Labor Day Reflections On U.S. Healthcare



Labor Day is more than just a mere day off, but a day to honor the men and women past and present who fought for labor reform. Part of the fight to obtain better working conditions and pay included the advent of Labor Day. In 1882, New York City workers took an unpaid holiday, calling it Labor Day. A year later, the Central Labor Union held a second Labor Day holiday. By 1885 Labor Day was “celebrated in many industrial centers of the country,” according to the U.S. Department of Labor.

In 1898, four years after President Grover Cleveland signed legislation making the first Monday of September a holiday, Samuel Gompers called it “the day for which the toilers in past centuries looked forward, when their rights and their wrongs would be discussed.”

Over 100 years has passed since the first Labor Day holiday, and today millions of Americans, possibly as many as 40 to 46 million, lack health insurance coverage. Almost a quarter of the respondents said someone in their household lost healthcare coverage during the past year because of losing or changing jobs. One-quarter said they were denied coverage in past year due to “pre-existing conditions.”

Even those with health insurance may not be able to have all of their medical needs met. More than one-quarter of the respondents to the 2009 Healthcare for America Survey sponsored by the AFL-CIO and Working America skipped basic health care services when sick. Forty-three percent with insurance said they are not able to obtain health insurance at an affordable price. Three-quarters (76 percent) of the respondents are dissatisfied with their household’s healthcare costs.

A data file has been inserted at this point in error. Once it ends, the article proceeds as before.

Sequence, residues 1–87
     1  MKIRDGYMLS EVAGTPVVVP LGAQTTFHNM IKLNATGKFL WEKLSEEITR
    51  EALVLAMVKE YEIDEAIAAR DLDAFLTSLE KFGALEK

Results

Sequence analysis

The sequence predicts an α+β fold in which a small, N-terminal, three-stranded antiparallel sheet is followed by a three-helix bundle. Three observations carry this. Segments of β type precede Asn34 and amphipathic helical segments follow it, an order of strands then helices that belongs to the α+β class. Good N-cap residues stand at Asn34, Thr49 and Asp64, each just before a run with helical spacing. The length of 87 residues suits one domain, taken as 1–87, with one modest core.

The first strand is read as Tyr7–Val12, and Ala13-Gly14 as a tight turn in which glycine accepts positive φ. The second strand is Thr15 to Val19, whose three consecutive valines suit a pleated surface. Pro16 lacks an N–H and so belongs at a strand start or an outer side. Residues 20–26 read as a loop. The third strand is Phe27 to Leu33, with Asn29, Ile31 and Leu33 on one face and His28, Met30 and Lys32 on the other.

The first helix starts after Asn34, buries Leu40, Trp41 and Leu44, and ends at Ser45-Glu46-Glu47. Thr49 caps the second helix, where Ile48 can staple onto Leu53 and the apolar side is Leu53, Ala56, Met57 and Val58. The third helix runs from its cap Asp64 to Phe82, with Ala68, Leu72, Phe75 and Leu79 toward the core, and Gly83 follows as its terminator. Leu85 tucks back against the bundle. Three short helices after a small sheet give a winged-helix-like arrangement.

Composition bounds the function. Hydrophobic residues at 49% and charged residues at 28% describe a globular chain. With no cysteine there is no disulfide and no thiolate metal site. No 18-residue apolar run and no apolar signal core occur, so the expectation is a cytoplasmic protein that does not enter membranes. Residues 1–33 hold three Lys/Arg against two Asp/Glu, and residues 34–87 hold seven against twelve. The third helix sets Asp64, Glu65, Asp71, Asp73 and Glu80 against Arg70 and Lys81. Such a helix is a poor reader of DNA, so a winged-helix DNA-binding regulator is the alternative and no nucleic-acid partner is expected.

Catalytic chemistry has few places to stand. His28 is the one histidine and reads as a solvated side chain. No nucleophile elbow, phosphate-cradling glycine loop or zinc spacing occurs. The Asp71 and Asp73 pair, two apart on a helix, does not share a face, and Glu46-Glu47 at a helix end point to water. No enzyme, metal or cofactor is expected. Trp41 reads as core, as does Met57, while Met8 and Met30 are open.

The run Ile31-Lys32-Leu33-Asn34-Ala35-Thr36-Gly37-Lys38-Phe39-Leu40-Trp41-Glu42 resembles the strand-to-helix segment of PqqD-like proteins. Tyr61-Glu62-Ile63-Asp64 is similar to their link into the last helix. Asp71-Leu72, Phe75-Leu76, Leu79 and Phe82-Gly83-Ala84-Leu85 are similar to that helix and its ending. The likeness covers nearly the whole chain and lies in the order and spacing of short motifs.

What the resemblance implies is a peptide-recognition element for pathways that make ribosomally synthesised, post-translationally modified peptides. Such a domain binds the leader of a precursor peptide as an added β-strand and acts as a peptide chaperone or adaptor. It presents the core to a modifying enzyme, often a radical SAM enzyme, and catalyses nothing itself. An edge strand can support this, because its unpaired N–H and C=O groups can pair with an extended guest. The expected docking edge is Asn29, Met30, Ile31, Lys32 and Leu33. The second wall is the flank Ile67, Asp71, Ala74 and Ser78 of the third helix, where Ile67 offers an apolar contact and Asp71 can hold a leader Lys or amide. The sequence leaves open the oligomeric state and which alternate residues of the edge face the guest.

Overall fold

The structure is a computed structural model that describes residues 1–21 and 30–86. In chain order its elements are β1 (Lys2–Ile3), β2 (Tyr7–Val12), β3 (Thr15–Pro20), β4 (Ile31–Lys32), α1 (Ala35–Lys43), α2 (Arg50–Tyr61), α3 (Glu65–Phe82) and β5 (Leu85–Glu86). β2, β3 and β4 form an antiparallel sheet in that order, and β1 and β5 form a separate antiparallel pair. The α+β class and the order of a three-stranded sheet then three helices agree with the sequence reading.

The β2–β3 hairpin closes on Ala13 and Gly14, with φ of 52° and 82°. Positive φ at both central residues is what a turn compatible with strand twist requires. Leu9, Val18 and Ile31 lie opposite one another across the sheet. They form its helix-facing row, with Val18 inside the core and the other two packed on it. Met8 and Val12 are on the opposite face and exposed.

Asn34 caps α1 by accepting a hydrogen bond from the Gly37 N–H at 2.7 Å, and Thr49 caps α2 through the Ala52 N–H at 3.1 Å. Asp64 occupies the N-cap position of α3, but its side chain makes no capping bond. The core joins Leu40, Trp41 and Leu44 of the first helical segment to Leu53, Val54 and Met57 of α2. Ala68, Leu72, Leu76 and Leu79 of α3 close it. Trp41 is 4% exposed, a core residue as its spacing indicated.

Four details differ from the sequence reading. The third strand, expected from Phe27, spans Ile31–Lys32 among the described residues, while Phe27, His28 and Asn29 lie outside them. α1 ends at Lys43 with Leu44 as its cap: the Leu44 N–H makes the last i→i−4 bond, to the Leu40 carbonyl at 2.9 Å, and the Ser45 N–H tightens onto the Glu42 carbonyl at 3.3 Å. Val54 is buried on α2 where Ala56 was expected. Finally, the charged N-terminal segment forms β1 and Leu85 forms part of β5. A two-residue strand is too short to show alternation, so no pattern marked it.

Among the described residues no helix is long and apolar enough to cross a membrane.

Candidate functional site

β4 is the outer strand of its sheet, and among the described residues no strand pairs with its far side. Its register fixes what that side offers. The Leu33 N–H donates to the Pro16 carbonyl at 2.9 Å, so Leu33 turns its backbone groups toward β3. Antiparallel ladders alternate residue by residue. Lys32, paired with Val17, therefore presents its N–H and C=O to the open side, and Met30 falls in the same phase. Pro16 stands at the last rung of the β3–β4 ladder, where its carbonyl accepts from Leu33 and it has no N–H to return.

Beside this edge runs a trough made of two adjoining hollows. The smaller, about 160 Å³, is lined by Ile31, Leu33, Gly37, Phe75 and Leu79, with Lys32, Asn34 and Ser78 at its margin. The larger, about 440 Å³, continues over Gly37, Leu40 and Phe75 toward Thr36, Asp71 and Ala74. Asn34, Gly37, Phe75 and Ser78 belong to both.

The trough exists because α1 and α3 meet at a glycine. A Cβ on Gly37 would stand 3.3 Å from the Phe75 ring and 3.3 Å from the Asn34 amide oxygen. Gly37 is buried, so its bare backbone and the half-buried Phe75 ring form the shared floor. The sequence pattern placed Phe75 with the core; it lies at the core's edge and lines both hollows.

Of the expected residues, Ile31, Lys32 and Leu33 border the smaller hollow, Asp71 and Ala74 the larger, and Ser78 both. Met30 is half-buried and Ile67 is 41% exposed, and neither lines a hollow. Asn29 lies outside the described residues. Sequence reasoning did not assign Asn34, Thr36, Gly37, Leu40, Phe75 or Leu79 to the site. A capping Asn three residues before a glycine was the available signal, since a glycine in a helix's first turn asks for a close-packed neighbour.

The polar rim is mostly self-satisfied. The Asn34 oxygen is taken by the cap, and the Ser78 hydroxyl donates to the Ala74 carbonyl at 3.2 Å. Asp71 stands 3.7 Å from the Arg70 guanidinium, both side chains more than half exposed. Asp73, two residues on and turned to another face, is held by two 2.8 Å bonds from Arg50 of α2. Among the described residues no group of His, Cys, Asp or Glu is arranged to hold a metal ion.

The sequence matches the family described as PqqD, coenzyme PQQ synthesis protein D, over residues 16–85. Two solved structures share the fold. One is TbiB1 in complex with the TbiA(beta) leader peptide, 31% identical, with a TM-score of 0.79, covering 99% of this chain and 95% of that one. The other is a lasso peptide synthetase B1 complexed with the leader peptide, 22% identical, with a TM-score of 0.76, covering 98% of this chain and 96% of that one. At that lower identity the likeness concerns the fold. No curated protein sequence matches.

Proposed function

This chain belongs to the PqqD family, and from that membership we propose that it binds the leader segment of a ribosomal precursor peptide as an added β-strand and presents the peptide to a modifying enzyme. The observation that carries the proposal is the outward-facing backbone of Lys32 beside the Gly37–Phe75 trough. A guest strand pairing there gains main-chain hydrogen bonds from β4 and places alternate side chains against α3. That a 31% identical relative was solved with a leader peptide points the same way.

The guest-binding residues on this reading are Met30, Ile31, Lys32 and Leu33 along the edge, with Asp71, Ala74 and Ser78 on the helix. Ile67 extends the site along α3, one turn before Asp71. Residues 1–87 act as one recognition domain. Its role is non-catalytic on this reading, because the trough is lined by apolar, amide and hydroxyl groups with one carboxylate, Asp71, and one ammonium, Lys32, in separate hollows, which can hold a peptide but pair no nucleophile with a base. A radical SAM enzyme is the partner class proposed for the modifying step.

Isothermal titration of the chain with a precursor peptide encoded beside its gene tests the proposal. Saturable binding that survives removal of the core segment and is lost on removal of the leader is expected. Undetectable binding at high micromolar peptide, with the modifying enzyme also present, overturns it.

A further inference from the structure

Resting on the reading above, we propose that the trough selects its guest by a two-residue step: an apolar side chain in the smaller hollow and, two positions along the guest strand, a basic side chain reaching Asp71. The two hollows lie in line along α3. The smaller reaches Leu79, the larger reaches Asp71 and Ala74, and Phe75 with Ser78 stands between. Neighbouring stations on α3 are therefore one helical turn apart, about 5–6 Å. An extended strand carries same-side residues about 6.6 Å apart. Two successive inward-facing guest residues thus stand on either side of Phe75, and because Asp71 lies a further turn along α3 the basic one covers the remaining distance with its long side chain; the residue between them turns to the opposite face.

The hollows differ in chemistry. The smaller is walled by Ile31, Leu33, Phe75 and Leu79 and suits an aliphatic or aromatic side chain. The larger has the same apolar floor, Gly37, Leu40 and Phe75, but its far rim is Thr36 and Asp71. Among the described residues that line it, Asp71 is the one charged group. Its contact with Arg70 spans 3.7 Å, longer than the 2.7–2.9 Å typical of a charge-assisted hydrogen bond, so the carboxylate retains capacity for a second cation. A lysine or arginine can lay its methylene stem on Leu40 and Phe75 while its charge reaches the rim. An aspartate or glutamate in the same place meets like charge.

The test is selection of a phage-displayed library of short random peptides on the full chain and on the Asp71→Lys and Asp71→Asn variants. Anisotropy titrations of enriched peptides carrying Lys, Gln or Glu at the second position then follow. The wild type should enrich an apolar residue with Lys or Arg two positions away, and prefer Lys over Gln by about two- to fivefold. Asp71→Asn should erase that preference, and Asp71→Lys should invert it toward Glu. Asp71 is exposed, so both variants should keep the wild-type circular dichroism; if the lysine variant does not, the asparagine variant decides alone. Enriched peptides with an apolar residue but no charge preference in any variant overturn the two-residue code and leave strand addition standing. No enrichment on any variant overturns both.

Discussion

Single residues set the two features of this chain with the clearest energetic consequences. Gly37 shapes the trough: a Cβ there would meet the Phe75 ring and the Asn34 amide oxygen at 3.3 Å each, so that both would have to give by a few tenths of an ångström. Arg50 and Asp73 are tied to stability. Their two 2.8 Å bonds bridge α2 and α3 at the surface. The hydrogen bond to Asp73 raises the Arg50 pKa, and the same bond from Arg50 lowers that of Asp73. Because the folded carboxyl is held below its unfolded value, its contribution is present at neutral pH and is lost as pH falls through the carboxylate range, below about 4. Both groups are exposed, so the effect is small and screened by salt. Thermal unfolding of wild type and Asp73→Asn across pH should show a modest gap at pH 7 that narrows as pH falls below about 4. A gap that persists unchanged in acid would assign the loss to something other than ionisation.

Healthcare costs continue to increase. Eighty-percent of the respondents said their healthcare costs increased the past year, and 34 percent said it increased a lot. Seventy-eight percent are somewhat or very worried about paying for healthcare.

An overwhelming majority of respondents (97 percent) said healthcare reform is urgent, and 83 percent said health insurers have too much influence on their healthcare and treatment. Two-thirds are dissatisfied with their healthcare coverage, and over one-third are dissatisfied with their household’s access to care and quality of care they receive.

The Service Employees International Union (SEIU) sponsored a report about healthcare costs. According to the report, in 2007 the U.S. economy “lost as much as $207 billion as a result of the poor health and shorter lifespan of the uninsured.” Health insurance premiums in California, the most populous state, increased by 95.8 percent from 2000 to 2007. The median earnings only increased by 19.3 percent. Although the median yearly wage in 2007 for Californians was $30,702, the average healthcare premium for a family was $12,194.

Mark MClellan, director of the Engelberg Center for Health Care Reform, appeared on Bloomberg News last April to discuss the need for healthcare reform. He pointed out that healthcare costs are increasing “much faster than inflation,” citing it as the “main reason why the fiscal outlook for the government over the long term is tough.”

Gina-Marie Cheeseman

Gina-Marie is a freelance writer and journalist armed with a degree in journalism, and a passion for social justice, including the environment and sustainability. She writes for various websites, and has made the 75+ Environmentalists to Follow list by

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